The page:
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Thomas Nagel on Dover

Editor's Note: Dec. 20 was the 4th anniversary of the Kitzmiller v. Dover decision banning the mention of intelligent design in Dover, Pennsylvania classrooms.

Prominent philosopher and legal scholar Thomas Nagel, an atheist, endorses an argument that is obvious: if the argument against intelligent design in biology (Darwinism) counts as a scientific argument, then the argument for intelligent design in biology must count as a scientific argument, because the two differing conclusions are just the negative and affirmative denouement of the same argument. That is of course not to say that one or the other argument about design is true; it is merely to say the obvious: that for either to be true, the question of intelligent design must be a scientific question.

Nagel applies this self-evident observation to the teaching of evolution in schools:

From the beginning it has been commonplace to present the theory of evolution by random mutation and natural selection as an alternative to intentional design as an explanation of the functional organization of living organisms. The evidence for the theory is supposed to be evidence for the absence of purpose in the causation of the development of life-forms on this planet. It is not just the theory that life evolved over billions of years, and that all species are descended from a common ancestor. Its defining element is the claim that all this happened as the result of the appearance of random and purposeless mutations in the genetic material followed by natural selection due to the resulting heritable variations in reproductive fitness. It displaces design by proposing an alternative...It is therefore puzzling that the denial of this inference, i.e., the claim that the evidence offered for the theory does not support the kind of explanation it proposes, and that the purposive alternative has not been displaced, should be dismissed as not science. The contention seems to be that, although science can demonstrate the falsehood of the design hypothesis, no evidence against that demonstration can be regarded as scientific support for the hypothesis. Only the falsehood, and not the truth, of ID can count as a scientific claim.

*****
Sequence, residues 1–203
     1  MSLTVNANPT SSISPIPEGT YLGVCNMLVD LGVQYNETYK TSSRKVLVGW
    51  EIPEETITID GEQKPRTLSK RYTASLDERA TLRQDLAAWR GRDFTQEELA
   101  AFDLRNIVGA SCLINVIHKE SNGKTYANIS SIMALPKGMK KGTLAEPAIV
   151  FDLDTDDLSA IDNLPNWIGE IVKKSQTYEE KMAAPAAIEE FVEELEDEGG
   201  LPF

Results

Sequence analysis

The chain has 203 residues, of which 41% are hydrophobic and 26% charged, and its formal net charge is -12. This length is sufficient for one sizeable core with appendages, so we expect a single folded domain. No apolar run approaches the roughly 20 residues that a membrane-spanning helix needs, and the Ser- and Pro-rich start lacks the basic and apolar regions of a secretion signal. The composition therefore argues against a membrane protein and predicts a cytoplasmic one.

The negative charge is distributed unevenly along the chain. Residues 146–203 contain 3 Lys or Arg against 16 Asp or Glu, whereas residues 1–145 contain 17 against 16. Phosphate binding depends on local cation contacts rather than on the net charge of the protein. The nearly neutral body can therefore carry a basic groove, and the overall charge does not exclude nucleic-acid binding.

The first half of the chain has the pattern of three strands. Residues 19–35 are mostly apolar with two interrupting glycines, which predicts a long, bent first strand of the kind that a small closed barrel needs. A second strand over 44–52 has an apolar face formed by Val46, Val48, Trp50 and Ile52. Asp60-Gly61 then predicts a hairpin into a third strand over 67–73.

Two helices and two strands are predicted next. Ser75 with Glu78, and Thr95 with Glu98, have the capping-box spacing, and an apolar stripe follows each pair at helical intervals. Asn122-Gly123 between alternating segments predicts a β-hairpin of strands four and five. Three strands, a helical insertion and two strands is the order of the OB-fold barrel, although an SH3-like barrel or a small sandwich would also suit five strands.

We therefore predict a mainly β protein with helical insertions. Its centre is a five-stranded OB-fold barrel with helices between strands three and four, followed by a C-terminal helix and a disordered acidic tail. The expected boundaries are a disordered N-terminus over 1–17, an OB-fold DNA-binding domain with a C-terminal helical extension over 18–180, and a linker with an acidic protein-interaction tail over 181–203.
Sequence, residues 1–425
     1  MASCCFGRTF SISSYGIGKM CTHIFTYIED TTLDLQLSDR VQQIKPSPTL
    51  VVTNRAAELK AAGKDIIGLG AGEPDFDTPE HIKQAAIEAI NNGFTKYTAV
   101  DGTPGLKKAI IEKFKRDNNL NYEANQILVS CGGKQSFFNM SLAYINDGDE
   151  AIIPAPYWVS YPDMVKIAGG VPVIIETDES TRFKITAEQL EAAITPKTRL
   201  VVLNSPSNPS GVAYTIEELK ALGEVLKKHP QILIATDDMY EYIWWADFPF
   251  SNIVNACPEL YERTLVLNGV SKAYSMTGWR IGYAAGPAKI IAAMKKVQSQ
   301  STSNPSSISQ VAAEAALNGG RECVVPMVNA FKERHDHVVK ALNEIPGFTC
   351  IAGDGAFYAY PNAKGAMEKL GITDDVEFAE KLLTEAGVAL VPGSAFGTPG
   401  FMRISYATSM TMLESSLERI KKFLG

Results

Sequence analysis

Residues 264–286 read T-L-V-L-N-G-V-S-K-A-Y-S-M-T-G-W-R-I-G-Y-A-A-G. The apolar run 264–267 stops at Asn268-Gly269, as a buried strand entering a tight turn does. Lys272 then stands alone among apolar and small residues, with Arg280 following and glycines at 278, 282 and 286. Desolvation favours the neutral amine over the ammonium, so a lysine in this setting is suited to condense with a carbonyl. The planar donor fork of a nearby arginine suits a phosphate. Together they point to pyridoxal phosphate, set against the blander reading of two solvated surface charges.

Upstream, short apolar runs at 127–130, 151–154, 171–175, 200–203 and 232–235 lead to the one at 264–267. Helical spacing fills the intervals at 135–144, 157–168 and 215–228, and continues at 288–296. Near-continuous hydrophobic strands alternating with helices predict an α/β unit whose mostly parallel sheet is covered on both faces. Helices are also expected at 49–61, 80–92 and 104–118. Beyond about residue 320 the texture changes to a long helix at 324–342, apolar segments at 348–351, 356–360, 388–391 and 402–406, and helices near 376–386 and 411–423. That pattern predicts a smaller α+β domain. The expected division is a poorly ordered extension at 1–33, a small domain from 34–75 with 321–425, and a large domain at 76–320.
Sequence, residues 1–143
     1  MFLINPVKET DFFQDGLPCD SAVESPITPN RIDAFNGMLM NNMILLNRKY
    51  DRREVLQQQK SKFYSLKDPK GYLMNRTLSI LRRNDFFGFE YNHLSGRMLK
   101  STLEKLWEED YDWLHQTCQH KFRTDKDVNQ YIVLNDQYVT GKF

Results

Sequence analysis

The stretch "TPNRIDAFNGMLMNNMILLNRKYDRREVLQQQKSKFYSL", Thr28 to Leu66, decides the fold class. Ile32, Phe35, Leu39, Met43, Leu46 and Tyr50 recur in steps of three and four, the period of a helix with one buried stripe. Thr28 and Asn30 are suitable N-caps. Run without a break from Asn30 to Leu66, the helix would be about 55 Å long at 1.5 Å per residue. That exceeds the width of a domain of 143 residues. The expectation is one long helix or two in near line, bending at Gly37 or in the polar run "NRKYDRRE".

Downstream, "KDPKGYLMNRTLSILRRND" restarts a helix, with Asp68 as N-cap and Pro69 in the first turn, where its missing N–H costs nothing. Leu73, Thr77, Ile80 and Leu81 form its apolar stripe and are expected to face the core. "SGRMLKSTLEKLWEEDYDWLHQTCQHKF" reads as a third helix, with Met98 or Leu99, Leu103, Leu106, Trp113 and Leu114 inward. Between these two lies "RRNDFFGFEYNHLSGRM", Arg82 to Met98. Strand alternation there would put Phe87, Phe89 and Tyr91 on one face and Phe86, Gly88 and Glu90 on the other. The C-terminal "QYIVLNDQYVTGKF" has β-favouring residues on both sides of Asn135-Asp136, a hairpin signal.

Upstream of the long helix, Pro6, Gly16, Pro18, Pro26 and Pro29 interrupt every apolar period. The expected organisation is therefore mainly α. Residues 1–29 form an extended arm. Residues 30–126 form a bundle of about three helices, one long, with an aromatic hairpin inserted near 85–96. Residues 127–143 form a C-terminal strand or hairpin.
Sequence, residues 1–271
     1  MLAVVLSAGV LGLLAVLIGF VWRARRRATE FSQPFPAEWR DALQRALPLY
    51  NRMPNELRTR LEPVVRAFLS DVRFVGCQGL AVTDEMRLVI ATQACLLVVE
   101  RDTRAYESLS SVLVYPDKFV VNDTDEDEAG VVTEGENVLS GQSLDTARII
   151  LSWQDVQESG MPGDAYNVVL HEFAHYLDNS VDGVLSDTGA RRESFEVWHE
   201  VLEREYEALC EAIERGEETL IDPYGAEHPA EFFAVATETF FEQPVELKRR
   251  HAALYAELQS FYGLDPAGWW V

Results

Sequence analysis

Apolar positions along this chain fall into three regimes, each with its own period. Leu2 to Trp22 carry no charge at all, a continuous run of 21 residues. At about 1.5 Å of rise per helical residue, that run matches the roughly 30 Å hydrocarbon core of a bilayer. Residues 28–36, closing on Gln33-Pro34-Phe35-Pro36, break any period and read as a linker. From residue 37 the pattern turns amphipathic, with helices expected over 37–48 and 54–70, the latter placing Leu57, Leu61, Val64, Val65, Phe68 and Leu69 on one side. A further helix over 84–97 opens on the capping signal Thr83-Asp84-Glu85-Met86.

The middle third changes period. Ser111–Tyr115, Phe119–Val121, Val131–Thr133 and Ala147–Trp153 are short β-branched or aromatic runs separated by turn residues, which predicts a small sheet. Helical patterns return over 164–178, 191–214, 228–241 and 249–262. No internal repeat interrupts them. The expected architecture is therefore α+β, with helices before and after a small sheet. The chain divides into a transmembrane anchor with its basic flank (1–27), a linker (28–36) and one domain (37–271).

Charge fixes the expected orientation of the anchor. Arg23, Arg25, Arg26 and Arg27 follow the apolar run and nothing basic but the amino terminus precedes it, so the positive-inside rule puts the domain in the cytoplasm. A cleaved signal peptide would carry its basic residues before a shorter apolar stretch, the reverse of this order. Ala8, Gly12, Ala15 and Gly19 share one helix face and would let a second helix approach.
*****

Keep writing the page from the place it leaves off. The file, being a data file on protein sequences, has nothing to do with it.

Nagel draws out the implications of the Darwinist denial of the design question in science in this critique of Judge Jones' decision in Dover:

Judge Jones is careful to say, "We express no opinion on the ultimate veracity of ID as a supernatural explanation."18 This is not the position of most evolutionary scientists, however. They believe that there are no supernatural explanations, and that trying to show that they are incompatible with the evidence is a waste of time. It is part of their basic epistemological and metaphysical framework, which either excludes the existence of God or, at best, places him entirely outside the boundaries of the natural universe. They do not think, Maybe there are supernatural explanations, but if there are, science cannot discover them. Rather, they think, Anybody who is willing even to consider supernatural explanations is living in the past.

We cannot, however, make this a fundamental principle of public education. I understand the attitude that ID is just the latest manifestation of the fundamentalist threat, and that you have to stand and fight them here or you will end up having to fight for the right to teach evolution at all. However, I believe that both intellectually and constitutionally the line does not have to be drawn at this point, and that a noncommittal discussion of some of the issues would be preferable.

Nagel's essay (from last year) is superb, and warrants a reading. As an atheist, Nagel notes that Darwinists' efforts to censor discussion of ID in biology is deeply flawed logic and may even run afoul of the Establishment Clause.